Minneapolis & St. Louis Railroad Company

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The Minneapolis & St. Louis began life in Minneapolis in 1870. Its sister railroad, the Iowa Central began in Iowa as a predecessor in 1866. The two railroads merged in 1901 and formed the system that was solidified in 1916, when some smaller railroads were absorbed. The actual purchase of the Iowa Central took place in 1912. However, some Iowa Central equipment retained its identity for many years after the purchase.

The M&STL; was not the strongest road, and went into receivership in 1923. Over the years a number of parties, including the government, suggested that the M&STL; be abandoned or sold to a stronger road. But what actually happened was that Lucian Sprague, a strong leader, took over as receiver in 1935 in the depths of the depression. He sold off all the scrap and made the railroad more efficient. He eventually became chairman/president and took the road to reorganization in 1942.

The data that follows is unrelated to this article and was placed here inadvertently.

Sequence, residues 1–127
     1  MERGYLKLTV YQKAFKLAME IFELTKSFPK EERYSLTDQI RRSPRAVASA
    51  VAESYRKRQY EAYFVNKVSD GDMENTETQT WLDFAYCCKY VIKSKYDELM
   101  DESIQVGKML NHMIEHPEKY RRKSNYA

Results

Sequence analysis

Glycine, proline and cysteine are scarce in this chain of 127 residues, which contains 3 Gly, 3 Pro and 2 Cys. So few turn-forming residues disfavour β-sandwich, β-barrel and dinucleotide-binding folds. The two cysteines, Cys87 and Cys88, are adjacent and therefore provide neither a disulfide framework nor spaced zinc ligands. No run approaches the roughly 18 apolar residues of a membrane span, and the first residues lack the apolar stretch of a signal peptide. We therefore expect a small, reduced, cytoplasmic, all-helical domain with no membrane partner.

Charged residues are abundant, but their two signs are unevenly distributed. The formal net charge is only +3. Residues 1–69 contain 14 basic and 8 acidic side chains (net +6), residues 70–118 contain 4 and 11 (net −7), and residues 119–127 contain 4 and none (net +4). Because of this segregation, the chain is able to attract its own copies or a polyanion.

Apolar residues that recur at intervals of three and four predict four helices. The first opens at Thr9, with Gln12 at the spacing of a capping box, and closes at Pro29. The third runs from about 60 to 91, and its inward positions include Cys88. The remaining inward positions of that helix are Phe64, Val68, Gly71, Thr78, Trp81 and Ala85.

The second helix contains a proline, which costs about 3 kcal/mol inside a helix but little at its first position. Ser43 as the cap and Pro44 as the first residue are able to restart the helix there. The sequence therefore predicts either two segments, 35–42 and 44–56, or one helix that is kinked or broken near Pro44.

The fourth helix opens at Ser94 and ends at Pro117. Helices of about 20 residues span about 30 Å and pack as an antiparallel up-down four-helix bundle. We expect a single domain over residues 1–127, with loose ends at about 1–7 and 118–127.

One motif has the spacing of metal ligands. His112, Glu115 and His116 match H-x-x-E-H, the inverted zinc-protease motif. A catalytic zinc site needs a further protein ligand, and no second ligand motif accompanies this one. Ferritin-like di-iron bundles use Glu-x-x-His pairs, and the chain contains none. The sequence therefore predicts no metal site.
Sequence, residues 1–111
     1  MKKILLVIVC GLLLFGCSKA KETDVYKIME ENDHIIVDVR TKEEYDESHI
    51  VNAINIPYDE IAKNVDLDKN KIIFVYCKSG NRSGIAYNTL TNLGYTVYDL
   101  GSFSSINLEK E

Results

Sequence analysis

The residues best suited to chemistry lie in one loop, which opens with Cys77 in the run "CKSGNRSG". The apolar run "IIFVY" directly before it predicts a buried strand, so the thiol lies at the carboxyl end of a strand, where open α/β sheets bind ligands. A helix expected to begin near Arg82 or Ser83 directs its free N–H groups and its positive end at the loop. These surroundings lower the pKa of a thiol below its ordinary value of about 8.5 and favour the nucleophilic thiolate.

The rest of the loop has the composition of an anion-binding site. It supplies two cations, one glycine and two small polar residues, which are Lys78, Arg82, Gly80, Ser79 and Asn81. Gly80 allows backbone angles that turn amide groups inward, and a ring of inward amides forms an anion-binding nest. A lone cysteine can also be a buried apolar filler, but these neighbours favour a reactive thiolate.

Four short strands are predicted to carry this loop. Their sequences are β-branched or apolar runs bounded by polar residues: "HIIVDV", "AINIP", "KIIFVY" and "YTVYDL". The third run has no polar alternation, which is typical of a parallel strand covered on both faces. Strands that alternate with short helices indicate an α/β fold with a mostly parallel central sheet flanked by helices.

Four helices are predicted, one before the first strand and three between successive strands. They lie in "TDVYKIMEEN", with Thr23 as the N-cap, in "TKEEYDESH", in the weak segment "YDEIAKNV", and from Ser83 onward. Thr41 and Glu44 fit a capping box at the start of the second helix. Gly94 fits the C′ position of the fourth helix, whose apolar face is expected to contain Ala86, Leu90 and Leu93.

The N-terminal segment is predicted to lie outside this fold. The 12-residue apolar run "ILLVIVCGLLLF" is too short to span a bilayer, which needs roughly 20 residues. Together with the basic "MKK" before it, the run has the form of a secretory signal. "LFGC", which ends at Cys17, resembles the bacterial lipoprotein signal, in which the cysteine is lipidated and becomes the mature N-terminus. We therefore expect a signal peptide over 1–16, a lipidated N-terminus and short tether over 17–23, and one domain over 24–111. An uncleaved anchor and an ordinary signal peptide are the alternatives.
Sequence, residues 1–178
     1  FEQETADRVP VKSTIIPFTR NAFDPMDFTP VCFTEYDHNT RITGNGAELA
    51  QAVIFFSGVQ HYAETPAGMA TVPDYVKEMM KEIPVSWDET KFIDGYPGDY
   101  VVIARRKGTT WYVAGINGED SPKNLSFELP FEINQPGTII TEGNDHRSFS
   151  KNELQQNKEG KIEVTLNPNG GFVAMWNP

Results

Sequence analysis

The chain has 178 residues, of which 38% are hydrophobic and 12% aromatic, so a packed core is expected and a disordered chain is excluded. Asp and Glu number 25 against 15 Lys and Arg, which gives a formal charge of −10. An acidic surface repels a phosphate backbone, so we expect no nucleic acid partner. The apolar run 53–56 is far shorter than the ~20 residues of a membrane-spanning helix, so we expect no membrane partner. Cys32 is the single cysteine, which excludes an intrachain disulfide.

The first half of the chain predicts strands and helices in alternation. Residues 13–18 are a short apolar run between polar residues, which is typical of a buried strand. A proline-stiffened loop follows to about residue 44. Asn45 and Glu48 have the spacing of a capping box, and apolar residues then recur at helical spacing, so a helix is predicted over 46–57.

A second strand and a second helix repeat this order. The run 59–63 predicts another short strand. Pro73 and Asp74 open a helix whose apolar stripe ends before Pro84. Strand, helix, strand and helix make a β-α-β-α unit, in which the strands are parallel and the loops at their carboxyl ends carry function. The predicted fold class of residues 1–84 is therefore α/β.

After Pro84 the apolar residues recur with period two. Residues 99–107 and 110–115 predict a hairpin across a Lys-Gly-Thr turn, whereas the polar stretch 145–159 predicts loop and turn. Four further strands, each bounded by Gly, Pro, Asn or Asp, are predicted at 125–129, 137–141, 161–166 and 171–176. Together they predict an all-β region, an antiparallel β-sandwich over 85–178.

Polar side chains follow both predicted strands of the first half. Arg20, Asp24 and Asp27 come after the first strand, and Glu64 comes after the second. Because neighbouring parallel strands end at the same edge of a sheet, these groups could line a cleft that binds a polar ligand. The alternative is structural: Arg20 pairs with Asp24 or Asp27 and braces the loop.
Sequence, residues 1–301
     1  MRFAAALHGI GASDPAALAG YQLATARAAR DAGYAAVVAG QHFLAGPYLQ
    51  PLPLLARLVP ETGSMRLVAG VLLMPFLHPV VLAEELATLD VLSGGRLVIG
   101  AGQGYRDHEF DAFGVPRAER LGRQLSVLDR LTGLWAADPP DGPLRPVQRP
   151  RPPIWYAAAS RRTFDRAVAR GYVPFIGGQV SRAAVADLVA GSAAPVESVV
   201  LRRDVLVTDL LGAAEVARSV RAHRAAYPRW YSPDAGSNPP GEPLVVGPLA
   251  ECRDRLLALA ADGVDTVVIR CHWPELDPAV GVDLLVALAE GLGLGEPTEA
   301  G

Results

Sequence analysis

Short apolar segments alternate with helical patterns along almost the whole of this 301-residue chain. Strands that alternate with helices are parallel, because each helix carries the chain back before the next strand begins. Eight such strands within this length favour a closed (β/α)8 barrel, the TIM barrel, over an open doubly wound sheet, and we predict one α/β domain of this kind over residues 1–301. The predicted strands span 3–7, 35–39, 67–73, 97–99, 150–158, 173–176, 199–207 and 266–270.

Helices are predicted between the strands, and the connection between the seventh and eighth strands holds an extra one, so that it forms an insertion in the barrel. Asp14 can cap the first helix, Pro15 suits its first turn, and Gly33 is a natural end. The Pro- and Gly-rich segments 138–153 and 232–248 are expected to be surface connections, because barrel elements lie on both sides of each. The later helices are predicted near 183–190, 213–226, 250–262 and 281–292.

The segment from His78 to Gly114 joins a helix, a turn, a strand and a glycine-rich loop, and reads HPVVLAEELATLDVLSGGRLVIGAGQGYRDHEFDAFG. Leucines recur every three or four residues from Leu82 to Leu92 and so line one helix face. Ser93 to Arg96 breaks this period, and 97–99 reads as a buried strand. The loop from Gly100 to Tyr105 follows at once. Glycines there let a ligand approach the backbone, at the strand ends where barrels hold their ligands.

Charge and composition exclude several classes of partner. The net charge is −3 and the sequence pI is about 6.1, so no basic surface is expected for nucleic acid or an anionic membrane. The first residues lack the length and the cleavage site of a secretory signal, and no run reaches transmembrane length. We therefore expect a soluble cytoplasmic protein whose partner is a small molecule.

Sprague was a hero to the workers of the M&STL; and he had national recognition. But he did not have a modest life style and his little extravagances added up. For example, he bought a Stanley Steamer – a collector’s item even then – and charged it to the railroad. At this point an unknown named Ben Heineman made a concerted attack on the Sprague administration. Soon Heineman took over as Chairman in 1954. A new president, Albert W. Schroeder, managed the changes that resulted in the red and white scheme in 1956. And in 1956 Heineman went over to the Chicago & Northwestern, but he did not forget the M&STL.;

Passenger service was discontinued by the end of 1958.

A little known histgorical tidbit about the line involves one of the company’s station agents – a gentleman named Richard Sears. Sears, of North Redwood, MN received a shipment of watches that went unclaimed. He took possession of the watches and soon started a small mail order business. The business eventually would be known as Sears Roebuck.

We are currently offering the following pieces from the Minneapolis and St. Louis Railroad Company:

All certificates are sold only as collectible pieces, as they are either canceled or obsolete. Certificates carry no value on any of today's financial indexes and no transfer of ownership is implied. Unless otherwise indicated, images are representative of the piece(s) you will receive.